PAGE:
Thursday, April 09, 2015

Announcements of Announcements, and Announcements

So the moment is finally here. Business Insider, of all publications, breaks the news:
A source with knowledge of Hillary Clinton's plans has confirmed that she will officially announce her 2016 presidential bid on Saturday or Sunday. This will be imminently followed by campaign travel.
Not sure why Business Insider got it, but this will be rolled out in drips and there are at least a handful of detail scoops to go around.
The story is about an hour old as I write so I'm just speculating; by the time you read this I may already be wrong.

I don't know the psychology of Sunday talk shows well, but the precise timing of the announcement will be designed to thoroughly dominate those shows. My guess is that means late Sunday. Probably New York.

A first visit to either Iowa or New Hampshire, my bet is the latter, will happen precisely when Marco Rubio is making his long-planned, pre-announced, locked in announcement speech. Now, if that New Hampshire event includes the Elizabeth Warren endorsement, that's the dagger.

Iowa, presumably central Iowa, maybe Cedar Rapids (too much of the Quad Cities media market is Illinois) but definitely NOT the People's Republic of Johnson County, will be sometime Tuesday.  The venue, or at least A venue, will be designed to seem very open, yet at the same time minimize risk.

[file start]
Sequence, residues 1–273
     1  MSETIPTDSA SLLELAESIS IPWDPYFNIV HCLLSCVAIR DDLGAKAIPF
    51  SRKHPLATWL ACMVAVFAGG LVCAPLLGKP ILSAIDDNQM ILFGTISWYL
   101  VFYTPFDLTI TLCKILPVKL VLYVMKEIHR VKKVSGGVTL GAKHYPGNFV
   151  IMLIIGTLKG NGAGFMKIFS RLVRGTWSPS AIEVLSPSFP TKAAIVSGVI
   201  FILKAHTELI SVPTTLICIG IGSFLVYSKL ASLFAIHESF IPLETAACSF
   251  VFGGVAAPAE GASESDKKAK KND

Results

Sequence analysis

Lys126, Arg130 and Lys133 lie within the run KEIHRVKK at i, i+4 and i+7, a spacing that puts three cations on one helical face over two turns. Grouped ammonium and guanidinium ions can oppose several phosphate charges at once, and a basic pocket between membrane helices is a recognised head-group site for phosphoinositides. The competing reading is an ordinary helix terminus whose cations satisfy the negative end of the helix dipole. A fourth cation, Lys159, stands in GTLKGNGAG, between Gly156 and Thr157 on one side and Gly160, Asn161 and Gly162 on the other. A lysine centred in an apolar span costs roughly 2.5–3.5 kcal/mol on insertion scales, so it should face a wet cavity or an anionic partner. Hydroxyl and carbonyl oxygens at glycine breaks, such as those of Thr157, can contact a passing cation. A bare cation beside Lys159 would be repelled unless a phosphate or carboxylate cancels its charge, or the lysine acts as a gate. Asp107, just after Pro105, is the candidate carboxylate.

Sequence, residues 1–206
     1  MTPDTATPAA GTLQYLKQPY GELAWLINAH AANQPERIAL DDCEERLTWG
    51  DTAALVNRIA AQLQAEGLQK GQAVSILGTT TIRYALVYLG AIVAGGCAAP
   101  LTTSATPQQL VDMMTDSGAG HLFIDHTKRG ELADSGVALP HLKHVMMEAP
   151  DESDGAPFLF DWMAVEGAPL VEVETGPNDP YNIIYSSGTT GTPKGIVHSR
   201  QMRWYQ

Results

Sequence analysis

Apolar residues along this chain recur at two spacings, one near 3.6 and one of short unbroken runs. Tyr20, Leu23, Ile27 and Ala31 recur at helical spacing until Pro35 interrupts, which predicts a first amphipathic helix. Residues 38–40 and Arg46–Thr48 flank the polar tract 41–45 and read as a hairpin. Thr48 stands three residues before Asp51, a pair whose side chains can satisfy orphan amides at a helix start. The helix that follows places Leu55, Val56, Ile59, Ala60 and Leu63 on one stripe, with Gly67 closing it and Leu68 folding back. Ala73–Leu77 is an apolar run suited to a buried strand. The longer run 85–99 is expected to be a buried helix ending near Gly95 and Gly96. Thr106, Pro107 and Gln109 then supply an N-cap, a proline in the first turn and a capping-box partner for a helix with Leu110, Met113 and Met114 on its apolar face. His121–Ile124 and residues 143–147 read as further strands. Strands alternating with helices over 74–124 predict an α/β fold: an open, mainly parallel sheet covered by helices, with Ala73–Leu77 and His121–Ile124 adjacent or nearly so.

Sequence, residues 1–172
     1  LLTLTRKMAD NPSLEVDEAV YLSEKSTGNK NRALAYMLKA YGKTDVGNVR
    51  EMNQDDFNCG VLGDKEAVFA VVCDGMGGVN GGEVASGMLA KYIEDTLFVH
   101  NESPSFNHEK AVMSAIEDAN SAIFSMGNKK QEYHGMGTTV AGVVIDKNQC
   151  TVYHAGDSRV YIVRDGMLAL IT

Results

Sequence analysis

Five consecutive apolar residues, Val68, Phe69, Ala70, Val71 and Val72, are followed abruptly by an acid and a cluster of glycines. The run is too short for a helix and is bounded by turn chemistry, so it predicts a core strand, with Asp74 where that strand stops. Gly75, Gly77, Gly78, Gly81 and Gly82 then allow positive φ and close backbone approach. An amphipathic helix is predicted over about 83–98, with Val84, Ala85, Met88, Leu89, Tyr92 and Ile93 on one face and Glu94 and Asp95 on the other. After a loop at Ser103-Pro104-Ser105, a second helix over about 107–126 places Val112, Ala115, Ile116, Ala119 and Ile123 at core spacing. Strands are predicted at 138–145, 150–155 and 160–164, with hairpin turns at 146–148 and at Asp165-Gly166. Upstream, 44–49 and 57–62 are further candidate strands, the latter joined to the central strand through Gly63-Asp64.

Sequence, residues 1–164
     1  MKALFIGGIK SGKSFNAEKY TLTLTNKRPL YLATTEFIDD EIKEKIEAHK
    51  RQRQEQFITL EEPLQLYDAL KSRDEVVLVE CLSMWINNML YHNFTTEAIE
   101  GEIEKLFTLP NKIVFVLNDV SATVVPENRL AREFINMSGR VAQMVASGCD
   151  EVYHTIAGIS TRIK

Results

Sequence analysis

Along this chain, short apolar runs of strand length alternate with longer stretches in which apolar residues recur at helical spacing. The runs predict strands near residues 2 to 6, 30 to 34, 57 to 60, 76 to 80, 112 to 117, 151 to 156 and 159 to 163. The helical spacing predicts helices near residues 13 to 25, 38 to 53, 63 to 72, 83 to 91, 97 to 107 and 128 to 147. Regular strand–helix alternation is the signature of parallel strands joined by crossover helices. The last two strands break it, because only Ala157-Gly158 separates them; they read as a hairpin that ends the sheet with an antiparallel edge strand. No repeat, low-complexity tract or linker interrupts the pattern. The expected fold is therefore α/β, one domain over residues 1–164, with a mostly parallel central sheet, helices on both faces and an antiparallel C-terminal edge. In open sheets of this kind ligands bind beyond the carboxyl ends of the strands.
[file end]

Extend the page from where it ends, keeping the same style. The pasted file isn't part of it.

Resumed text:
(UPDATE: As of Friday AM, they're now saying announcement Sunday noon followed by Iowa viit first, either later Sunday or early in week. All this is really distracting me from my actual Friday morning mission, Rand Paul.)

And in fairness, Mark Halperin today noted the logistical difficulties she faces:

Maybe a set speech followed by an "impromptu" stop at a friendly restaurant, with a low-key effort to get friends there. (My understanding is that's how the Hamburg Inn was done last fall. A few calls: "Go to the Burg NOW. Don't ask. GO." And by sheer coincidence the local REPUBLICAN chair was there, which only made it feel more legit.)

That's probably the advice the "supportive Iowa activists" Clinton campaign manager Robbie Mook and key player Marlon Marshall got at meetings last week in Des Moines and Cedar Rapids. (Despite the Jennifer Jacobs story I've yet to confirm that a meeting that was supposedly planned in Iowa City ever even happened.)

KCCI has some anonymous background:
Over dinner and drinks one night last week at Baratta's, a cozy Italian restaurant in Des Moines, two top visiting Clinton strategists listened as supportive Iowa activists issued a stark warning: Some Democrats are far less enthused about her candidacy than others. After placing third in the Iowa caucuses in 2008, they said she must ask for every vote as well as being willing to run a gauntlet of small events and take part in grueling campaign sessions across the state.

Robby Mook, the campaign manager, and Marlon Marshall, a top deputy, traveled from New York to Iowa and New Hampshire last week as Clinton's envoys. They hosted the dinner and other intimate events, hoping to show that a former First Lady, senator and Secretary of State was open to concern, constructive criticism and even complaints.

Tom Henderson, chairman of the Polk County Democratic Party in Iowa, said activists were hungry for a primary campaign or at least a serious conversation about issues facing the country and who would become President Obama's successor. He was not invited to the dinner last week because he intends to remain neutral in the race, but he said he has shared his views with Clinton confidantes.